With the fame (and fortune) surrounding Bart Simpson, it is only fitting for him to have a life-size Lego model made in his image. This model, in particular, measures about three and a half feet in length. Lego Artist Eric claims that it balanced his color supply out perfectly.
My fondest memory of Bart Simpson was watching it on Friday afternoons with my Grandfather. We never missed an episode. Bart was screened on the South African channel MNet, but only to the fortunate people who had an MNet decoder. (being the early nineties.) Luckily, MNet had an “open time” between 5pm and 7pm, and everyday Friday my 5pm time slot belonged to my Grandfather and Bart Simpson. If I could, I would own a Lego Bart Simpson.
A whole bunch of yellow bricks were used to make the Lego Bart Simpson, and Eric Harshbarger joked that it helped him to balance his Lego brick supply, since he hardly used any white or black bricks to make Bart and all the previous projects he worked on severely limited his color choices. Lego Bart weighs 30 pounds, give or take a pound.
If you take a closer look at the detail, you will realize just how much effort Eric went to in his creation of Bart Simpson. He had to work off a 2 dimensional picture, and transform his masterpiece into a 3D work of art. When Bart Simpson was created for TV, it was relatively easy to give the illusion of perspective. You, the viewer, only saw the front. On a TV screen, there was only one angle to consider. Sure, the artists had to give the impression that it was 3D, adding curves and contours where needed; however, you still only saw Bart’s “best side.” Eric’s model is an actual 3D piece. Regardless of which angle you look, the contours had to be perfect. I can only imagine how much effort went into getting the shape of Bart’s head, his nose and his eyes, just right. And of course, his spiky hair.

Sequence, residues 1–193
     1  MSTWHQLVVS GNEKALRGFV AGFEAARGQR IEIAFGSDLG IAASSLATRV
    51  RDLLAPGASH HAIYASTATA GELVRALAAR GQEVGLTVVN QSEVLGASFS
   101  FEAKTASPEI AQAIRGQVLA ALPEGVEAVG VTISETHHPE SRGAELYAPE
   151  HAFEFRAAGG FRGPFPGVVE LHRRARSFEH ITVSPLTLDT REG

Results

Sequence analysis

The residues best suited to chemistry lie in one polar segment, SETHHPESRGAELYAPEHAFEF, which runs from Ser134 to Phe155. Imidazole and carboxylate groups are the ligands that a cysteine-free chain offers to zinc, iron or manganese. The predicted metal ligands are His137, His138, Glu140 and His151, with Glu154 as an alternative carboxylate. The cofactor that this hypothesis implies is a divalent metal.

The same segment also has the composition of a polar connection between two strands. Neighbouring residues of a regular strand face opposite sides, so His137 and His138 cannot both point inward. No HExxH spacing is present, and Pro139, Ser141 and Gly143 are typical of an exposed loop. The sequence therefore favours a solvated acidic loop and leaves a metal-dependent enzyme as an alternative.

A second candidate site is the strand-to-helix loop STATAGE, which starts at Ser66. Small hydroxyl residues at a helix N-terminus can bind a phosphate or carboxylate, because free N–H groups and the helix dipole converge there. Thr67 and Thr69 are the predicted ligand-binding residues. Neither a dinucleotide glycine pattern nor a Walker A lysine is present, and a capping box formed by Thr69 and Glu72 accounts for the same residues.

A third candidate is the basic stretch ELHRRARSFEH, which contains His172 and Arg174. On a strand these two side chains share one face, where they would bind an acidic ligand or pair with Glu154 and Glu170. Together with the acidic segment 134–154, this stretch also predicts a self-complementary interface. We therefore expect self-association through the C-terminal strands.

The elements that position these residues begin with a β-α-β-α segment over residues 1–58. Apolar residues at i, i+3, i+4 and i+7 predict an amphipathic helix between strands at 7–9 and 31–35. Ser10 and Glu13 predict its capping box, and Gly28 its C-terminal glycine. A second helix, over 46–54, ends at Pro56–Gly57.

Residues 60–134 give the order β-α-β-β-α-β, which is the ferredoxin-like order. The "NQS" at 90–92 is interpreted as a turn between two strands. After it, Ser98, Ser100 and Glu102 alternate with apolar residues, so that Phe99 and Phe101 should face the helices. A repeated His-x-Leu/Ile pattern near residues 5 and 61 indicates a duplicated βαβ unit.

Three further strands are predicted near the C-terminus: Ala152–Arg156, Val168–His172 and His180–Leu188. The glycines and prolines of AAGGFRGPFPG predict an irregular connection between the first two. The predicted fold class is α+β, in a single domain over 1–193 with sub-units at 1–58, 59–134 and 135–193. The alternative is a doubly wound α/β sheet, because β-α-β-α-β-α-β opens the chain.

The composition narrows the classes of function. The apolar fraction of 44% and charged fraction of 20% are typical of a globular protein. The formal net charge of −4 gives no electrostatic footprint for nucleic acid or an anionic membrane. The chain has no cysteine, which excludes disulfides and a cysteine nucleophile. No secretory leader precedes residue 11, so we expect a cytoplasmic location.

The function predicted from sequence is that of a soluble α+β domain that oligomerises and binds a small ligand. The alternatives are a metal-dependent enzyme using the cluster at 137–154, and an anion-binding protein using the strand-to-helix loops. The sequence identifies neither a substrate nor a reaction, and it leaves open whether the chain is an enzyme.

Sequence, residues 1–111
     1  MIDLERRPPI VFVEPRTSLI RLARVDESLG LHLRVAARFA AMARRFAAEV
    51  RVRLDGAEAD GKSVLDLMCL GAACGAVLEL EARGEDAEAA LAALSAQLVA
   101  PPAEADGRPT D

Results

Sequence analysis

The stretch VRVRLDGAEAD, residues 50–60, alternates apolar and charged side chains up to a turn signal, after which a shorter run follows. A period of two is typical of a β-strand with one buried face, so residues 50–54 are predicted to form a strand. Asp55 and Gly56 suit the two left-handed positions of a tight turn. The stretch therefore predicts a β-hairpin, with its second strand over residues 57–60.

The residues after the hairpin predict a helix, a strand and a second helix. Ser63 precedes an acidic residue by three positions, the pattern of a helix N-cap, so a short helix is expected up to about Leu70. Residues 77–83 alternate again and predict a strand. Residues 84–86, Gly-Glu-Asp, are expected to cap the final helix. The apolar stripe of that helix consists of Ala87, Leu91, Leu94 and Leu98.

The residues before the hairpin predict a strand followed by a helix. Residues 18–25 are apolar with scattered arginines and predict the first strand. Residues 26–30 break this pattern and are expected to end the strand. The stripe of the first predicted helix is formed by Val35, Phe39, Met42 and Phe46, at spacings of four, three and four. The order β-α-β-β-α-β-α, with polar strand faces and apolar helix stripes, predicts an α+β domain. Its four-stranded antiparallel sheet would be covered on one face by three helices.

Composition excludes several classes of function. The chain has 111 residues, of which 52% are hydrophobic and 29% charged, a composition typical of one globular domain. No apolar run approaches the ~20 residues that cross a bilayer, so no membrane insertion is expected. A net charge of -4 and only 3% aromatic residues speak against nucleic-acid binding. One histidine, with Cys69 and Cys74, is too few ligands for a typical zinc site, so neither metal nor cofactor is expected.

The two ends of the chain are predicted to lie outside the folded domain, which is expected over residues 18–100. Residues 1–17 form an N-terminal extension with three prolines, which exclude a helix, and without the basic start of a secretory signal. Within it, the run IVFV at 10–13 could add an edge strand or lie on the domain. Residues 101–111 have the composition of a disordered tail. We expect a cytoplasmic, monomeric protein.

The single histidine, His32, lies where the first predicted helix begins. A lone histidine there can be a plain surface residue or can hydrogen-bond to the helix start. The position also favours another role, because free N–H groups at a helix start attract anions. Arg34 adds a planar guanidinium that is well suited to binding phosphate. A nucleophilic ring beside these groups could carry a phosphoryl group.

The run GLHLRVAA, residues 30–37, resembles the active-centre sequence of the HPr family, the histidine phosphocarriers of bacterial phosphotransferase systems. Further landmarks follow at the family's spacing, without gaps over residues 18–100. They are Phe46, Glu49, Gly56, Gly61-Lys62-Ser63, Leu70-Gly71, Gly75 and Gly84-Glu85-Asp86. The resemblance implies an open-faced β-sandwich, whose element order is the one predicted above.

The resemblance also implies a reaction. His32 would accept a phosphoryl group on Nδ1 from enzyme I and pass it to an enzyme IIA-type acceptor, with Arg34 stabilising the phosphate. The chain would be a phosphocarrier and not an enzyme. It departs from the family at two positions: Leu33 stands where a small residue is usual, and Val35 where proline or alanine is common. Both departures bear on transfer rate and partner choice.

But wait, there’s more! It’s Milhouse Mussolini Van Houten! Like Bart, it took a lot of time and patience to get the facial expressions right. A different shade of yellow was used, but other than that, the detail is spot on. From his trademark nose and blue hair, right down to the red pants.
These days, Eric focuses on 2D mostly, as well as Murals built out of LEGO bricks. He creates very few 3D sculptures. His works have appeared on television shows including The Today Show, and even Ripley’s Believe It or Not on NBC, featuring him as one of the top Lego Sculptors and mosaicists in the world. If you love the Simpsons, no doubt you would also like Weird Bart Simpson’s Look Alike Sculpture with LED and Zombie Homer Simpson Tattoo: Homer’s Finally Been Inked!.